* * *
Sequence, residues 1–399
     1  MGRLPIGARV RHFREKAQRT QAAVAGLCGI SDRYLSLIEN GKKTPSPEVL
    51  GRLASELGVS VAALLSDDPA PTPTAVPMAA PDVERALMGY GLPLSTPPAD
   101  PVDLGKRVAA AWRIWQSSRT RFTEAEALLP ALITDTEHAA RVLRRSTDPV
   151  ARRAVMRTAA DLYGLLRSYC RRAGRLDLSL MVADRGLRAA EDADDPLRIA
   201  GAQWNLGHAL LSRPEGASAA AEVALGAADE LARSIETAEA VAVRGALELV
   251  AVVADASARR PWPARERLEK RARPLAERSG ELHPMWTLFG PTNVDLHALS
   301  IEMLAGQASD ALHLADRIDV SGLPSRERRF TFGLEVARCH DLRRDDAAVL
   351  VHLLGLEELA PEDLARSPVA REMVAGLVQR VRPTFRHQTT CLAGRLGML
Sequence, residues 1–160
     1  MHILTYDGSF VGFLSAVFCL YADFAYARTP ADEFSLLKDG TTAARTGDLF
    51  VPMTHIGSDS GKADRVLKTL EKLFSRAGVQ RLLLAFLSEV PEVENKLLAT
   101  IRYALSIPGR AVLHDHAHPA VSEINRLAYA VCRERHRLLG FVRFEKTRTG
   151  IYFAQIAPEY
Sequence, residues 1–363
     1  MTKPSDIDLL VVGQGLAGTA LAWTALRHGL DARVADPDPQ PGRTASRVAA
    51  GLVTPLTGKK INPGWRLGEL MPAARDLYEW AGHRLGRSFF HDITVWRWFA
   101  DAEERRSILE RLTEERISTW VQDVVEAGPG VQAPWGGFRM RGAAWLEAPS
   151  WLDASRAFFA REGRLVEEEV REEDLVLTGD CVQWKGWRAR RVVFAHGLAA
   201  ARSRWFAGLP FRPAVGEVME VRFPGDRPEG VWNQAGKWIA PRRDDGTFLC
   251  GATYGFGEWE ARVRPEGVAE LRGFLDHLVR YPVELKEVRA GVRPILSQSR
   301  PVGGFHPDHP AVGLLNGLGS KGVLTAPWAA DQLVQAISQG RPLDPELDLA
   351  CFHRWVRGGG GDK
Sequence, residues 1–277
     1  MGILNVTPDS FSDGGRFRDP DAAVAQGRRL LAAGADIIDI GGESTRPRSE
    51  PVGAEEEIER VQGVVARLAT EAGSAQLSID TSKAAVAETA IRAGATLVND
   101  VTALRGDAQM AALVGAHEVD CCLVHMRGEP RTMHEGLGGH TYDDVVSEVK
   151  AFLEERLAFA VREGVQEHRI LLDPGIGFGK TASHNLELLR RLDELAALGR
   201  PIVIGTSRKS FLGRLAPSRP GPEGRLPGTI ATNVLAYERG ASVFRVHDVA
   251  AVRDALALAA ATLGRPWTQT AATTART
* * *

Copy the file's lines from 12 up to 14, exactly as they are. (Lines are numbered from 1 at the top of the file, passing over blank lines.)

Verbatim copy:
    51  VPMTHIGSDS GKADRVLKTL EKLFSRAGVQ RLLLAFLSEV PEVENKLLAT
   101  IRYALSIPGR AVLHDHAHPA VSEINRLAYA VCRERHRLLG FVRFEKTRTG
   151  IYFAQIAPEY